Yu-ri says that it’s good luck to dream of someone famous, but Joon-ki says that’s just superstition. So Ki-bong asks Joon-ki to sell his dream to him, because he needs the luck, and Joon-ki agrees. It seems to work, as Ki-bong has a great practice later, then learns that the major league team’s coach needs a replacement so will be coming to scout them.
Joon-ki uses his dream money to buy pizza for dinner, though nearly everyone feels bad that Woo-shik still can’t manage solids. Jung-eun has to leave soon for another part-time job, so Joon-ki asks if she’s given up on acting. Soo-yeon didn’t know that Jung-eun and Joon-ki majored in theatre together and that she used to be in movies and dramas with him, and she asks why Jung-eun quit, but Jung-eun just stammers that she had a situation and leaves the table.
Ki-bong is all excited about the possibility of moving back up to the major leagues, and he credits Joon-ki’s dream. Joon-ki decides he wants his dream back, but Ki-bong refuses to give up his good luck.
The next morning, Ki-bong eats his regular good-luck breakfast of spoiled kimbap in preparation for the scouting, but he continues to deny Joon-ki’s wish to buy his dream back. When he gets to practice, Ki-bong’s belly starts to rumble just like it did the day he pitched a shutout, and he knows it’s going to be a good day.
He’s taken aback when he gets to the locker room and finds that the other guys also have their own superstitious rituals, like wearing pantyhose, attaching a talisman to their backs, or his teammate Ha-ni’s (cameo by In Gyo-jin) habit of doing everything four times in a row.
Ki-bong takes his jacket off, and his friend finds money taped to his back with a note that says “for the dream.” HA, Joon-ki bought his dream back without permission. Coach announces that the scout had to reschedule to tomorrow, and Ki-bong blames this bad turn of luck (and his bad turn of tummy) on Joon-ki.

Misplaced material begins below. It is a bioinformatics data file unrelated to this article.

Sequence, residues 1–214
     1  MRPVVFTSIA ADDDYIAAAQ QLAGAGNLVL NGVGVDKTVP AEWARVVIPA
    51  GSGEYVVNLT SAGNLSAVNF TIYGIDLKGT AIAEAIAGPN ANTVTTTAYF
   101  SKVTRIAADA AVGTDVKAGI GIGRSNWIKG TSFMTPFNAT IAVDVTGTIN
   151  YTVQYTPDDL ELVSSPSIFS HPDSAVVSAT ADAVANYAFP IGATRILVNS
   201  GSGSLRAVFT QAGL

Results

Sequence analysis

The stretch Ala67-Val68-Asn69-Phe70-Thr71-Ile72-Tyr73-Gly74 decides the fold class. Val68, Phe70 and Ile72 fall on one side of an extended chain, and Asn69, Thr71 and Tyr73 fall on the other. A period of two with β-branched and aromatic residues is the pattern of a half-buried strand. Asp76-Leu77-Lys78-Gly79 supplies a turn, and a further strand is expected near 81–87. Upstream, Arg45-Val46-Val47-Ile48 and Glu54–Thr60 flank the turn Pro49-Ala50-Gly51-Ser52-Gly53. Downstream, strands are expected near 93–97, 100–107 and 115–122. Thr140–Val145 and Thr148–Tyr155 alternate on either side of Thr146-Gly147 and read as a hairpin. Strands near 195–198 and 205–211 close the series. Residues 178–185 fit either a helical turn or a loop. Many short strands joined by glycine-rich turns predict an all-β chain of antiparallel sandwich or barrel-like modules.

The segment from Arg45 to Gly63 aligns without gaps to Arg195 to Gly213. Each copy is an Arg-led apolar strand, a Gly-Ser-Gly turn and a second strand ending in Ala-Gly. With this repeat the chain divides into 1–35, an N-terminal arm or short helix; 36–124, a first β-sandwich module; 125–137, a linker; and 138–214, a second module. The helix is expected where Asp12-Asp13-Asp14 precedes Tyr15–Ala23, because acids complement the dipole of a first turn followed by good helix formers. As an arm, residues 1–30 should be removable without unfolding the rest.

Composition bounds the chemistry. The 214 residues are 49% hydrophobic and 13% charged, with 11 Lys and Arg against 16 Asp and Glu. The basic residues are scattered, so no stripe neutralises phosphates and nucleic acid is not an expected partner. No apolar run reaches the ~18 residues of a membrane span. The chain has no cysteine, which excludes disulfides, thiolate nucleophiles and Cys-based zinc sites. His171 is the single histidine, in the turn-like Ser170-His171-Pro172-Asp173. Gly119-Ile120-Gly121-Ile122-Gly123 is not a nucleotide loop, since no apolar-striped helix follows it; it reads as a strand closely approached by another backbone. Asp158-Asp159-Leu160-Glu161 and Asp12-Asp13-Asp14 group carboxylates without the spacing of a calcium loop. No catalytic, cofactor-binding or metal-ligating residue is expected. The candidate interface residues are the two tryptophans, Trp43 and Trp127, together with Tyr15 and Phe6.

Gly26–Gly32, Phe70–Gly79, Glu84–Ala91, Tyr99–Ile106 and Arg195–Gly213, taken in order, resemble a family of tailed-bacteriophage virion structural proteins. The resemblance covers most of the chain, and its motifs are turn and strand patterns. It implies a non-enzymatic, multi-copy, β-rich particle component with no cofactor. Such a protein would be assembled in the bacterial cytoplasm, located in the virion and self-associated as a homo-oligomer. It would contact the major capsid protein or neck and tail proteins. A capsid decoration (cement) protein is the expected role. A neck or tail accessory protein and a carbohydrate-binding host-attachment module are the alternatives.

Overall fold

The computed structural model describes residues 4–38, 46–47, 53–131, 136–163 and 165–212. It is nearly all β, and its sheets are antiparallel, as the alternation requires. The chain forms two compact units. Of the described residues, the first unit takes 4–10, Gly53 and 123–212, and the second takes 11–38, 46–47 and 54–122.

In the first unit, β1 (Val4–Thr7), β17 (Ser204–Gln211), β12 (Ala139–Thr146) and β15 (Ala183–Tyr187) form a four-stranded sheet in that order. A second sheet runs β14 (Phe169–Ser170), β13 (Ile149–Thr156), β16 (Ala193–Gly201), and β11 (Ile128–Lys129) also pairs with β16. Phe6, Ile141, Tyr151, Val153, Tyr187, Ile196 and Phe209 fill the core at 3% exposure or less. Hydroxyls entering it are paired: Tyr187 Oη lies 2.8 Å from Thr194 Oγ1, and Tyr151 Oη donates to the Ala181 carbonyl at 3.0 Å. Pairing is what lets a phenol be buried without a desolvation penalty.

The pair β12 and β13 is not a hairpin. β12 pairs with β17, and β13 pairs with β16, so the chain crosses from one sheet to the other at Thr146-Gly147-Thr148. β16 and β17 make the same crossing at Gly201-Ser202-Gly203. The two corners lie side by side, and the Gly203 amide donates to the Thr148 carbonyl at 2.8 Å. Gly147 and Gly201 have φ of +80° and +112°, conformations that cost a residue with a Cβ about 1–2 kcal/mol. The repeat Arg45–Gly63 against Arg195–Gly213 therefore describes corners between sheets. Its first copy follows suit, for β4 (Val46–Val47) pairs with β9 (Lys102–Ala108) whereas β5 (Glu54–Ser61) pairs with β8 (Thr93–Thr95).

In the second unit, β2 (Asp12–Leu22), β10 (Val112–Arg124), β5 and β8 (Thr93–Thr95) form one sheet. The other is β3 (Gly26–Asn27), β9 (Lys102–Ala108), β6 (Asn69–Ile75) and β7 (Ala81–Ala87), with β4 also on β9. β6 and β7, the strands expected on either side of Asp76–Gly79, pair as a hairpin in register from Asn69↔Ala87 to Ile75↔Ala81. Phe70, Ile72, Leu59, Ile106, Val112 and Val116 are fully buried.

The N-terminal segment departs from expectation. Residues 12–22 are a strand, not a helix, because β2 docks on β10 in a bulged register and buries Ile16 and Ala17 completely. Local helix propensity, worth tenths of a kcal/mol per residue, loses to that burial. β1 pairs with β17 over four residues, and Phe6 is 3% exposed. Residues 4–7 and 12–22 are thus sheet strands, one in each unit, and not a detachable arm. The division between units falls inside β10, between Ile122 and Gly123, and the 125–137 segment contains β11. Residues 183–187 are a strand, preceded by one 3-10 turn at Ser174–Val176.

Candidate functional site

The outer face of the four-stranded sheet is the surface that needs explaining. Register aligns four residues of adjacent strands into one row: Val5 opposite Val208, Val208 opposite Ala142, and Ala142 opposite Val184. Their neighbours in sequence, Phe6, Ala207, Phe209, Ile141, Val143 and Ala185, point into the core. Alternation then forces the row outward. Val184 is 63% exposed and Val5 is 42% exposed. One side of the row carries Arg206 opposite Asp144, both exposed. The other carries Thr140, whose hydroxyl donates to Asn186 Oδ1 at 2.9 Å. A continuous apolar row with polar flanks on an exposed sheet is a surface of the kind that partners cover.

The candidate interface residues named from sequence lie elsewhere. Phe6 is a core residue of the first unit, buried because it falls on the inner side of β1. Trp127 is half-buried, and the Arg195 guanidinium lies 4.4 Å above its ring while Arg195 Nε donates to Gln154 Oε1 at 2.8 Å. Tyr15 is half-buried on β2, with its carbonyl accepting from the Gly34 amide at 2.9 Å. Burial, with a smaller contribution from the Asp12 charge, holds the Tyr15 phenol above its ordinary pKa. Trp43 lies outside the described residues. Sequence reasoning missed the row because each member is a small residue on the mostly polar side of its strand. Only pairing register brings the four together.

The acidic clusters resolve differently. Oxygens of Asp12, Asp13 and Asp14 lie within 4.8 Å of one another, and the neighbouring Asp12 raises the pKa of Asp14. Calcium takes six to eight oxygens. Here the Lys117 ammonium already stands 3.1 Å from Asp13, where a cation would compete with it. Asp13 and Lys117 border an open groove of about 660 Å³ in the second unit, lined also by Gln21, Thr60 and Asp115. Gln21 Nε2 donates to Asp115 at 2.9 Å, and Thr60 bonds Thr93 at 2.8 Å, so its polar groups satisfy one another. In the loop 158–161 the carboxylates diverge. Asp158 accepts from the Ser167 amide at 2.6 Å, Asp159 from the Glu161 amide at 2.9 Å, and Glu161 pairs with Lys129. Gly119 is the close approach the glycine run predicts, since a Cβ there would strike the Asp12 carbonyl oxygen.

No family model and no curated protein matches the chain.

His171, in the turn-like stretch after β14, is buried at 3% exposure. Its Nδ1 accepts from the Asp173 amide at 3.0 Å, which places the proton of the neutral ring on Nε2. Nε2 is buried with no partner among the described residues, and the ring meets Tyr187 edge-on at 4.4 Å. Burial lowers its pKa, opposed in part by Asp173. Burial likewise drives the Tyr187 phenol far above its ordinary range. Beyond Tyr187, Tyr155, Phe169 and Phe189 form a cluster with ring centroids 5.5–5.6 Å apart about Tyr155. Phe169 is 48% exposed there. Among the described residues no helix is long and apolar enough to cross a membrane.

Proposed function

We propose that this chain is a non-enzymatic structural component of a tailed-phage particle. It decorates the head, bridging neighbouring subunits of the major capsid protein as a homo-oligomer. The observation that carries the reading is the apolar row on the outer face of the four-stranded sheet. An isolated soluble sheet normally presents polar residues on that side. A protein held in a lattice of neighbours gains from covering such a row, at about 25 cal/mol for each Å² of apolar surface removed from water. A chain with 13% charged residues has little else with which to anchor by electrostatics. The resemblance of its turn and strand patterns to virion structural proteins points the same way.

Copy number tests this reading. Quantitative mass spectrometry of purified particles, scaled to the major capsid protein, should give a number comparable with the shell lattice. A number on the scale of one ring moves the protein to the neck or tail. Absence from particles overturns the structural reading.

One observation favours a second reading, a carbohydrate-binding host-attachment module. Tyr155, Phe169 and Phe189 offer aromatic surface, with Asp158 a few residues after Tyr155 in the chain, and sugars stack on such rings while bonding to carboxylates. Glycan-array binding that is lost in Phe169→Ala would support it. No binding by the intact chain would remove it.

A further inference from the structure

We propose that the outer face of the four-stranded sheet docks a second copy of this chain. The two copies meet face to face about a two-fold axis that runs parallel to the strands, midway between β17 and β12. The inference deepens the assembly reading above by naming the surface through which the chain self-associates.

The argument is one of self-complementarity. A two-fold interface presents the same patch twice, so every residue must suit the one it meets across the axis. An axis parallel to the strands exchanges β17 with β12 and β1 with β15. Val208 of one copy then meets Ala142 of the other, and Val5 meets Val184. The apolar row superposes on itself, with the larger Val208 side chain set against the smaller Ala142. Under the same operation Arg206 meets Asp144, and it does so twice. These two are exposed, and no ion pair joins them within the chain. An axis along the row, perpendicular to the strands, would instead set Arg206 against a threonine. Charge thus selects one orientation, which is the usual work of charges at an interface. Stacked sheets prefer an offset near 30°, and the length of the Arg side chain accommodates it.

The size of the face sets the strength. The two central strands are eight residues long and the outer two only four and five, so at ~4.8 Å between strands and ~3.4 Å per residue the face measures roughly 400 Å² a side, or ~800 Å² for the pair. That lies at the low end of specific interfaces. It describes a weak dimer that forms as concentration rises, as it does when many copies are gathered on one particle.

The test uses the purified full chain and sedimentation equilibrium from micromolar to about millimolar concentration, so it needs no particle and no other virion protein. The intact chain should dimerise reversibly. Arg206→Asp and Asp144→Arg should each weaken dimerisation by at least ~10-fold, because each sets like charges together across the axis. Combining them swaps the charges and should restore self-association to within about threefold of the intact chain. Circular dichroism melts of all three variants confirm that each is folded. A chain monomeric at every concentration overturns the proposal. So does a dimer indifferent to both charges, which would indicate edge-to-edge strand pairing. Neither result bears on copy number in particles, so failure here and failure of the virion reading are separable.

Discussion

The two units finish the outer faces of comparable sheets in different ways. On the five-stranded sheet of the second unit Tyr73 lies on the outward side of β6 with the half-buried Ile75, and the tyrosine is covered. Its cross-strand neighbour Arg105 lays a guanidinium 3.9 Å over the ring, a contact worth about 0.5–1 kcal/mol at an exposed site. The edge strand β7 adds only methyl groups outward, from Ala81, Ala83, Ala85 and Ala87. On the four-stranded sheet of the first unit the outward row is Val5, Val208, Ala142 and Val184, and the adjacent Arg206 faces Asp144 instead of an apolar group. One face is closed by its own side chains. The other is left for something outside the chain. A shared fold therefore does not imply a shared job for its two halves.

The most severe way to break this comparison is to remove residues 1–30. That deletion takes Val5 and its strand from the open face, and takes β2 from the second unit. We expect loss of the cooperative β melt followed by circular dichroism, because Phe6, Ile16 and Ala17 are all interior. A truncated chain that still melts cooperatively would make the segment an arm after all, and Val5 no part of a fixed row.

Meanwhile, Joon-ki gets a call for an audition and chalks it up to his lucky dream. He talks Yu-ri into helping him run lines, but when she balks at saying “I love you,” they give up. Joon-ki asks Jung-eun to help him instead, but she refuses.
Ki-bong is sick as a dog and blaming it on Joon-ki, and he insists that Joon-ki give the dream back. Joon-ki skips away giggling and Ki-bong tries to hobble after him, but his stomach hurts too much after eating that kimbap. Yu-ri tells him to just go to the bathroom, but he says that he can’t because he didn’t use the bathroom on the day he pitched his shutout.
He even does a handstand to keep his bowels in place. He chases Joon-ki around the house walking on his hands, insisting that Joon-ki give back the dream, but Joon-ki argues with Ki-bong’s feet that it was his dream in the first place.
Jung-eun takes a break at her job cleaning a sauna, and wistfully swipes through pictures on her phone of herself working in theatre. She accidentally nods off, and when she wakes up, there’s a naked man just outside. But she’s late for her next job so she sneaks out of the sauna, and she leaps like a dolphin into the pool to avoid another naked man.
The next morning at practice, Ki-bong is still valiantly trying to hold in his upset tummy (even sitting on a baseball bat handle, ouch and HAHA) and cursing Joon-ki out under his breath. It’s finally his turn to show off his pitching, so he gives himself a pep talk that it’s almost over. But he finds out that he’s pitching against Ha-ni, who’s still doing everything four times, and he despairs.
He clutches his rear in pain as he watches Ha-ni prance up to the plate four times, adjust his glove four times, and wind up the bat four times. Ki-bong throws one strike against Ha-ni, who then twirls four times on the plate, hee. Ki-bong waits while Ha-ni readies himself four more times, then throws another strike. He has to sit on his ankle to keep from having an accident, but he manages to wait until it’s his turn to throw one more pitch…
Joon-ki and Ki-bong run into each other on their way home, both of them looking very downcast. Ki-bong tells Joon-ki angrily that he failed the scout test because his batter hit a home run, and he grabs Joon-ki and blames him for taking his dream back and causing his failure.
But Joon-ki says that he failed his audition, too, because when he confidently opened the door on his way in, he knocked out the director. Oops. They conclude that it was just a stupid dream, after all, and they decide to soak away their disappointment at the sauna.
Joon-ki lowers himself into the pool, wondering what that weird dream was about, anyway. He splashes around until a hand grabs his shoulder, just like in his dream — and it’s Jung-eun, who’s still stranded in the water. She begs Joon-ki to help her out, but he suddenly realizes that this is his dream — he’s under a mural of mountains, swimming with Kim Jung-eun. LOL.